Prove your humanity

Climate change continues to surface as a major issue in the Democratic presidential primary contest. And at a recent CNN debate, a sparring match over fracking provided one of the more talked about exchanges between Hillary Clinton and Bernie Sanders.

But such issues have come up less often on the Republican side—in part because there is more uniformity among the candidates. GOP frontrunner Donald Trump has called climate change a hoax orchestrated to benefit Chinese manufacturers. And recently, he told a crowd in New Orleans that he thinks he would win in New York because he supports fracking. The state’s Democratic governor, Andrew Cuomo, has banned it.

Marco Rubio has taken a similar stance—laying out an energy policy that would rely on drilling and fracking and would rollback efforts by the Obama administration to combat climate change.

“Every proposal that they put forward [is] going to make it harder to do business in America,” Rubio said during a CNN debate last September. “So we are not going to destroy our economy, we are not going to make America a harder place to create jobs, in order to pursue policies that will do absolutely nothing to change our climate, to change our weather.”

LISTEN: “Where Do the Republican Candidates Stand on Climate Change?”

Rubio has said he believes climate change is real but that it is not caused by human activity. Not so, for Texan Ted Cruz . He hosted a Senate hearing on climate change in December—during which he cited reasons he’s not convinced climate change is happening. One argument: Carbon dioxide is not a pollutant because it’s good for plants.

But Governor John Kasich has distinguished himself somewhat among the Republican candidates on the issue of global warming. When Kasich first hit the campaign trail last summer, Pope Francis had just published a historic environmental encyclical. In it, the Pope cast climate change as a moral issue and called on people to change their consumerist behaviors that contribute to the problem. Some GOP candidates criticized Francis for speaking out on political issues. But Kasich had a different response.

“I respect what the Pope said,” Kasich told a reporter from Undercurrent. “My feeling is what he said, that we have an obligation to the environment.”

The question for many is what a President Kasich would do about climate change. At a town hall meeting in New Hampshire in January, Kasich was asked again about his views on the issue.

“I think that human beings do affect the climate,” Kasich said. “And I’m a big supporter of solar and wind and geothermal and efficiency. But I want all of the different sources. I saw Seabrook today; I’m for nuclear too. I’m for all of this.”

WATCH: “Donald Trump Sounds Off On Fracking”

On the other hand, Kasich has come out against action by the Obama Administration to curb carbon emissions. Obama’s Clean Power Plan, which has now been put on hold by the U.S. Supreme Court, aims to cut a third of carbon emissions from the electricity sector by 2030.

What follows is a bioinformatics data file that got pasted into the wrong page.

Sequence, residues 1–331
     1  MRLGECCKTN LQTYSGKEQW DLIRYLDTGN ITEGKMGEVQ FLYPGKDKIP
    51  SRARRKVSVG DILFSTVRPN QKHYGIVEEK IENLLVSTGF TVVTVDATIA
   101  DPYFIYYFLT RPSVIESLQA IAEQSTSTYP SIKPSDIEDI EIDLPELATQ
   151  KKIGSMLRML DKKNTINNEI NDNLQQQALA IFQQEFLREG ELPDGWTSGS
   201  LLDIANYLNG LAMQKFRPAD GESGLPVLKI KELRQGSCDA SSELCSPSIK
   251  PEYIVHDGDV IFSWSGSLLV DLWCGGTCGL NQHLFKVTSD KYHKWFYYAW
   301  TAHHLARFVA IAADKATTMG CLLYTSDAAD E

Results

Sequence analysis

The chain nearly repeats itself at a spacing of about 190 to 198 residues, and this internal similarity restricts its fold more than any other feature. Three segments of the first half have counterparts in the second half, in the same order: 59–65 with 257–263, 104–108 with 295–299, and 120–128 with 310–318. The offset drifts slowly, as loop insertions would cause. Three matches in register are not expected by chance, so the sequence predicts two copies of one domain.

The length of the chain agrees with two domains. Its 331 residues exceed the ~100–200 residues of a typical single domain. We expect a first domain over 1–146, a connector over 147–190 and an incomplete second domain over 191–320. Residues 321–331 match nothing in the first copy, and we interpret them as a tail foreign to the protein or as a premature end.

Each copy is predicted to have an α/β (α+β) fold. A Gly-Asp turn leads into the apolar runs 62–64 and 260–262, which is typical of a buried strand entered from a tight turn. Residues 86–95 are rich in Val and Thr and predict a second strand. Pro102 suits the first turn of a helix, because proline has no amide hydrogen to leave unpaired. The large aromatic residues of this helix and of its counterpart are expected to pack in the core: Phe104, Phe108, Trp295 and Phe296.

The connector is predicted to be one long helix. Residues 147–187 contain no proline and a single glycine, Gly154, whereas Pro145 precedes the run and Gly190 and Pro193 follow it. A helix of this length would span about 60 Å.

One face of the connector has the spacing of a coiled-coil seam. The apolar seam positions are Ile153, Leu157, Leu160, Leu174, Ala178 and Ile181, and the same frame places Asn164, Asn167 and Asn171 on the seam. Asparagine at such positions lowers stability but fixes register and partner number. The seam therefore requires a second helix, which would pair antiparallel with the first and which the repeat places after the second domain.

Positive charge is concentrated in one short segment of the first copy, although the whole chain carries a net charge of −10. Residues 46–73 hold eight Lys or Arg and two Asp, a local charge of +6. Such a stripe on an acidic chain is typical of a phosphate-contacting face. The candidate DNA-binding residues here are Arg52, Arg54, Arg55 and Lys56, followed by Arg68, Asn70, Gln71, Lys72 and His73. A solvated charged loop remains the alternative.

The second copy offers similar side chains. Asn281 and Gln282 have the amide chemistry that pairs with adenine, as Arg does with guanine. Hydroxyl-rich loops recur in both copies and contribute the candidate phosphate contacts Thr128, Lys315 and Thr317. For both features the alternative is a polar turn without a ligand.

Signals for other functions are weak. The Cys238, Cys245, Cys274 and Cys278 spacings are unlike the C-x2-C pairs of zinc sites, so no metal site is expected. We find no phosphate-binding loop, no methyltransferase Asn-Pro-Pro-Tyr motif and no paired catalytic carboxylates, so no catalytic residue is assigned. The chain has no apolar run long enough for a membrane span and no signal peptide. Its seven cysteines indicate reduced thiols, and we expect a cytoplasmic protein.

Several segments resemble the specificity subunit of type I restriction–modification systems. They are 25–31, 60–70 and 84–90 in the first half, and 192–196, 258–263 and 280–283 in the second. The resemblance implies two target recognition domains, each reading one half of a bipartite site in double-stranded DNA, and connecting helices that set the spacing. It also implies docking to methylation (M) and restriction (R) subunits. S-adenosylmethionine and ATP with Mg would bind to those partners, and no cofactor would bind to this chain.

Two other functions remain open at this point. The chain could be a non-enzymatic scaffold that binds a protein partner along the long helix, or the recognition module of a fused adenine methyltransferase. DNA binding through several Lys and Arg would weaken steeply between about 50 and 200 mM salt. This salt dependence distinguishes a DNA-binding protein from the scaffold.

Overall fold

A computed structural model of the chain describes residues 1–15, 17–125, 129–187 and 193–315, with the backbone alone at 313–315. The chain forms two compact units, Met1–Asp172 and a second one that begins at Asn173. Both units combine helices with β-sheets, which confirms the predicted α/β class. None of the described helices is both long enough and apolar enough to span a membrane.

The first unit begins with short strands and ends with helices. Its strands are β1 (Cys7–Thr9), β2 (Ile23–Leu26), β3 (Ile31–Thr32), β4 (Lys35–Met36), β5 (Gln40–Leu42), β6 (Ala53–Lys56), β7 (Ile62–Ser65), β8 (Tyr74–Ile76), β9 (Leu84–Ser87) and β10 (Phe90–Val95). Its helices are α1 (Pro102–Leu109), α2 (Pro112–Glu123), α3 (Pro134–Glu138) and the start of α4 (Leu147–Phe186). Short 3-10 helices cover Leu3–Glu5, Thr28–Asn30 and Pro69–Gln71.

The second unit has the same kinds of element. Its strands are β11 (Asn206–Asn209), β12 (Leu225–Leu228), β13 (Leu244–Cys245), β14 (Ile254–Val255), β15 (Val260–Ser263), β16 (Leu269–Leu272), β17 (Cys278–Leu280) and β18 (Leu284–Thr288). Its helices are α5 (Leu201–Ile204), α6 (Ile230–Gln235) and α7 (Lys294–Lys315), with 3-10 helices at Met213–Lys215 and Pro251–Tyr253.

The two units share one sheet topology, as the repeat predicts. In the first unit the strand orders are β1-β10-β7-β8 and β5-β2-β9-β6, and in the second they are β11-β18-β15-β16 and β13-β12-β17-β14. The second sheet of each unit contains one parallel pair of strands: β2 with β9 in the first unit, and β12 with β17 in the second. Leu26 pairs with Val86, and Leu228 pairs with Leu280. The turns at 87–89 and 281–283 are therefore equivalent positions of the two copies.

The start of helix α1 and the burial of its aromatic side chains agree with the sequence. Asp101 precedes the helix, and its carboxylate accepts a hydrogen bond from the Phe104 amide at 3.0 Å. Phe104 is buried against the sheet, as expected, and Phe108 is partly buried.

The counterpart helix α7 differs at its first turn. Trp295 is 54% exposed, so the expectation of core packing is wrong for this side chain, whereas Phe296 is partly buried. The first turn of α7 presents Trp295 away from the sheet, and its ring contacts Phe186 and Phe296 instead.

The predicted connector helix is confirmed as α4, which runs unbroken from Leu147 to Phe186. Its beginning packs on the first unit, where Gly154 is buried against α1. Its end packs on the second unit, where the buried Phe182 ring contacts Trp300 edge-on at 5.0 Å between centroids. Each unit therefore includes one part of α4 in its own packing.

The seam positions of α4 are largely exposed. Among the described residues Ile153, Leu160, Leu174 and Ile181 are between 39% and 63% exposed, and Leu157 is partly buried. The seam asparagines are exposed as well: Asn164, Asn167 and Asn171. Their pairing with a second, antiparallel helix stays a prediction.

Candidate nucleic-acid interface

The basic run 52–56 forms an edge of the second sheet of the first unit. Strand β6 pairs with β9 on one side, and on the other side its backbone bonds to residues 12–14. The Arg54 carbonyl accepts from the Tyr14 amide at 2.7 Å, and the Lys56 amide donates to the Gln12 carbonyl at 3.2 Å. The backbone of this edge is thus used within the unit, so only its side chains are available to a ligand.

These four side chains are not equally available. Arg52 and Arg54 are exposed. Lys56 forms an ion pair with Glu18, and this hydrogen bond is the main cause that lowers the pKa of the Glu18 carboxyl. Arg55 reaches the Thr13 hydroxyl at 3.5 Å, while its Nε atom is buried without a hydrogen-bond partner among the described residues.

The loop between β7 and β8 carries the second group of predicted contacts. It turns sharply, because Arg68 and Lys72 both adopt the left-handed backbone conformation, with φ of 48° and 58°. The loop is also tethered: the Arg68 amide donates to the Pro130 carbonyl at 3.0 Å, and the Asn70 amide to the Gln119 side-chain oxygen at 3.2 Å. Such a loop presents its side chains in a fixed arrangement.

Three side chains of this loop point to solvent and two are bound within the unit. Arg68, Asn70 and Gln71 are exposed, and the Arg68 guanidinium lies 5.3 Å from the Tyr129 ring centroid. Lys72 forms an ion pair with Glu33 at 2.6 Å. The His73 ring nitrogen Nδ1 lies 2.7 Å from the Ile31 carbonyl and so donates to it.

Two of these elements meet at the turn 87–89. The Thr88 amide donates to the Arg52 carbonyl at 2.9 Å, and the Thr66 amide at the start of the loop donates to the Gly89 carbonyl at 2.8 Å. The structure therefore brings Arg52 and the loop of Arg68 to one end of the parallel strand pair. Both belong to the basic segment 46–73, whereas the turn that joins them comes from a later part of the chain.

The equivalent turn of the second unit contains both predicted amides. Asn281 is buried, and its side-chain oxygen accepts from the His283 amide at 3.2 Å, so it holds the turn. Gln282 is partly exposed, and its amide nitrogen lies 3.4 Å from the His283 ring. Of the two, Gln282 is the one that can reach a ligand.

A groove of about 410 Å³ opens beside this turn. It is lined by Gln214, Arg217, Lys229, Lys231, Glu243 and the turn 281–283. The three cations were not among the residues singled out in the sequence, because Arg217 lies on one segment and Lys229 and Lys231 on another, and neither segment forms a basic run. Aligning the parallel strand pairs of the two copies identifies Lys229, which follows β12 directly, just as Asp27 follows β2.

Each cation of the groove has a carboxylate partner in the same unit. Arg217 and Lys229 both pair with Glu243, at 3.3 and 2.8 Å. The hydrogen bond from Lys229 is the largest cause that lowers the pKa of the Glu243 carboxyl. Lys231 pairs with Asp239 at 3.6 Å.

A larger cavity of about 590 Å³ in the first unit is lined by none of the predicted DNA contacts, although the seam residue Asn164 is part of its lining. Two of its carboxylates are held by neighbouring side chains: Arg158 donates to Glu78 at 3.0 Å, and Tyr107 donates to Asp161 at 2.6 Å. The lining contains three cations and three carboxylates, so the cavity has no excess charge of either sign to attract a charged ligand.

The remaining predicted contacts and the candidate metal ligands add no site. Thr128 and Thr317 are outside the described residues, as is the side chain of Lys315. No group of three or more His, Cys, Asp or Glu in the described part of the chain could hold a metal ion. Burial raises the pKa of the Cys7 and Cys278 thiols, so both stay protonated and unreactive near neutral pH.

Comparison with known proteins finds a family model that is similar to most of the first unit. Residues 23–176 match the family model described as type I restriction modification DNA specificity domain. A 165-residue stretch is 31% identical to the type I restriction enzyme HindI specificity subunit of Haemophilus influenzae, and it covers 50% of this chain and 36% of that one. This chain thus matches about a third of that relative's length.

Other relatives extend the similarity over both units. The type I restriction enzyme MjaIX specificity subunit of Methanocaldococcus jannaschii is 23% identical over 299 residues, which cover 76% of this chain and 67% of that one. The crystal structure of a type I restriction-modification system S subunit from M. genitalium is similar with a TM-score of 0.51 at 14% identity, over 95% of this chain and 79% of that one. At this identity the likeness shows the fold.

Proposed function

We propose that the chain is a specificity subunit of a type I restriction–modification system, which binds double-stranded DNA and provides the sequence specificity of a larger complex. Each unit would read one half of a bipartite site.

“Let’s not go so fast that we throw this kid out of work or this gentleman out of work,” Kasich said at the event in New Hampshire. “It’s got to be a balance between a good environment and economic growth, which we can achieve.”

In Kasich’s home state of Ohio, two-thirds of electricity comes from coal, and Kasich has said the state will continue to burn coal without apology. Emissions from coal are considered the largest contributor to global climate change in the U.S.

“Governor Kasich is not necessarily your truest, bluest, greenest friend on the environment, nor is he an arch enemy of the environment,” says Jack Shaner of the Ohio Environmental Council, a citizen environmental group.

Kasich was slammed by environmental groups for freezing Ohio’s renewable energy program for two years. The program required utilities to replace some energy from coal with alternatives like solar and wind. But Shaner says without Kasich, the Republican legislature would have completely eliminated the clean energy mandate.

“Governor Kasich gets credit for salvaging and holding the wolf from the door so we did not suffer an outright repeal of our clean energy standards,” Shaner says. “But we were disappointed he wasn’t more active earlier in that debate, and [didn’t] exert his leadership to get the legislature to back down.”

“Governor Kasich is not necessarily your truest, bluest, greenest friend on the environment, nor is he an arch enemy of the environment.”

Kasich has split with some in his own party by pushing a tax on the oil and gas industry. There’s a similar debate over a gas tax in Pennsylvania, where many Republicans say it would drive the industry away. Kasich, however, sees things differently.

“I’m disappointed by those who say the severance tax reform will kill the industry,” Kasich said in his state of the state speech last year. “That’s a joke. That’s a big fat joke because I’ve talked to them in private. And I’ll tell you what, our severance tax will still be competitive with other energy-rich states.”

The Ohio Environmental Council praises Kasich for these efforts—and for preventing oil and gas drilling in state parks. Jack Shaner says Kasich has also put a lot of funding into reducing toxic algae in Lake Erie. On the other hand, Shaner says Kasich started something called the Common Sense Initiative that’s made it difficult to create new environmental regulation—especially if it comes at any cost to the private sector.

“This is sort of the mystique of John Kasich,” Shaner says. “You just cannot categorize the guy. He is complicated.”